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Standing Committee on Government Operations and Estimates


NUMBER 079 
l
1st SESSION 
l
42nd PARLIAMENT 

EVIDENCE

Thursday, March 23, 2017

[Recorded by Electronic Apparatus]

  (1615)  

[English]

     We don't have the entire committee here, but since we were delayed by votes and our witnesses have been patiently waiting, I think we will start. We do have quorum.
    Madam Smart, thank you very much for being here. I know we attempted on two or three other occasions to fit schedules and we weren't successful, so we do appreciate your appearance today.
     I think you understand how the committee works. We'll have an opening statement from you, followed by a series of questions by committee members.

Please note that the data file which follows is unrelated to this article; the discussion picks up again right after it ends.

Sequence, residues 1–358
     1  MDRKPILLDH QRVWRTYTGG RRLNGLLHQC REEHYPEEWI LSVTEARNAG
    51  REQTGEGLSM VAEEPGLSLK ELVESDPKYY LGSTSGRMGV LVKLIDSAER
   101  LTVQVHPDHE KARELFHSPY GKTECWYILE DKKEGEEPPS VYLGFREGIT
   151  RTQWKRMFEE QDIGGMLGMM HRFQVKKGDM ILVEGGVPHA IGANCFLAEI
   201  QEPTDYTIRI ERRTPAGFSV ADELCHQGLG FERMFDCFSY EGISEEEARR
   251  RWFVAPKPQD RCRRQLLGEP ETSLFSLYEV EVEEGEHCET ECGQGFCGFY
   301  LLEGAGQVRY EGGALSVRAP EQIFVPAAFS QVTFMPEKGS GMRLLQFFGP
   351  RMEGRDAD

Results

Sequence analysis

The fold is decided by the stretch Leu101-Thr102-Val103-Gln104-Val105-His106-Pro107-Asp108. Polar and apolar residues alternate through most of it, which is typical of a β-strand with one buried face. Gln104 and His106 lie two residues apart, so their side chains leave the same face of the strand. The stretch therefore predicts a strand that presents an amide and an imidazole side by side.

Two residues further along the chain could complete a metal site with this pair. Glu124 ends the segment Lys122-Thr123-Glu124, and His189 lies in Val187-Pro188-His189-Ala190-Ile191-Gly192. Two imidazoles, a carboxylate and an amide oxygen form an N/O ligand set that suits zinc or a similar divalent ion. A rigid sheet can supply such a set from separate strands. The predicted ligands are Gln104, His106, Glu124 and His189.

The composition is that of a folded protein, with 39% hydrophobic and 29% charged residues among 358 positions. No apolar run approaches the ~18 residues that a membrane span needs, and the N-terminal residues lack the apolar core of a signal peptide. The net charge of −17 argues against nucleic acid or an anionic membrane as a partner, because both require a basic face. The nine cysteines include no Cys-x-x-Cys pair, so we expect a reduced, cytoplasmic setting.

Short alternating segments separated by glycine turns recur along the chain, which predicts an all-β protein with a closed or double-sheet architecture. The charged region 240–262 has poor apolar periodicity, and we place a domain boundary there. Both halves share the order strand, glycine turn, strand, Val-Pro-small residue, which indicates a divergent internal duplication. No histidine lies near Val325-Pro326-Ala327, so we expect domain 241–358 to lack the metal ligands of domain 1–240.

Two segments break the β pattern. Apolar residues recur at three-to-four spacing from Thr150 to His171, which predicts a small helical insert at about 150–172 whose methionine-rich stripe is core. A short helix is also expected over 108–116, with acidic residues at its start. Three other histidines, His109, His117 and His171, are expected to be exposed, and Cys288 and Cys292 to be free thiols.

Without further ado, Madam Smart, the floor is yours.
    Thank you for inviting me here today as part of the committee's important legislative review of the Public Servants Disclosure Protection Act.
    As you may know, this act is an important part of the Government of Canada's integrity framework and we take it quite seriously. We feel that integrity is the cornerstone of good governance and democracy. By upholding the highest ethical standards, public servants safeguard and enhance public confidence in the honesty, fairness, and impartiality of the federal public sector.
    To this end, the act sets out the measures to promote an ethical climate. It establishes the foundation to promote a culture of right-doing and a positive ethical climate through measures such as the creation of the Values and Ethics Code for the Public Sector, which applies to some crown corporations, separate agencies, and the core public administration. The code, along with the organizational codes of conduct, describe for public servants at all levels the values and ethical practices that guide direction, decision-making, and behaviour across the public sector.

[Translation]